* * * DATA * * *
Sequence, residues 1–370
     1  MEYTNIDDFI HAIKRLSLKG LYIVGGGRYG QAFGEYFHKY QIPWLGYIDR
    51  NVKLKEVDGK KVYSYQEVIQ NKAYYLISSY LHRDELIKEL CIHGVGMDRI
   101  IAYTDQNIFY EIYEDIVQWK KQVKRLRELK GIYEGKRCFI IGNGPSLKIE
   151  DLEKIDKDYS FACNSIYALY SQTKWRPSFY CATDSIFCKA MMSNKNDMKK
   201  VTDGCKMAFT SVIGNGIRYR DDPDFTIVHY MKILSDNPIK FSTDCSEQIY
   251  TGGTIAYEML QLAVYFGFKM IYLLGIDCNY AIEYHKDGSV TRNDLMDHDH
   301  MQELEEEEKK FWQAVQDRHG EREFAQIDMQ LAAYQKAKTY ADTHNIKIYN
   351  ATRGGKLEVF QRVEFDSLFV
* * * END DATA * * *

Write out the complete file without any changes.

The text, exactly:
Sequence, residues 1–370
     1  MEYTNIDDFI HAIKRLSLKG LYIVGGGRYG QAFGEYFHKY QIPWLGYIDR
    51  NVKLKEVDGK KVYSYQEVIQ NKAYYLISSY LHRDELIKEL CIHGVGMDRI
   101  IAYTDQNIFY EIYEDIVQWK KQVKRLRELK GIYEGKRCFI IGNGPSLKIE
   151  DLEKIDKDYS FACNSIYALY SQTKWRPSFY CATDSIFCKA MMSNKNDMKK
   201  VTDGCKMAFT SVIGNGIRYR DDPDFTIVHY MKILSDNPIK FSTDCSEQIY
   251  TGGTIAYEML QLAVYFGFKM IYLLGIDCNY AIEYHKDGSV TRNDLMDHDH
   301  MQELEEEEKK FWQAVQDRHG EREFAQIDMQ LAAYQKAKTY ADTHNIKIYN
   351  ATRGGKLEVF QRVEFDSLFV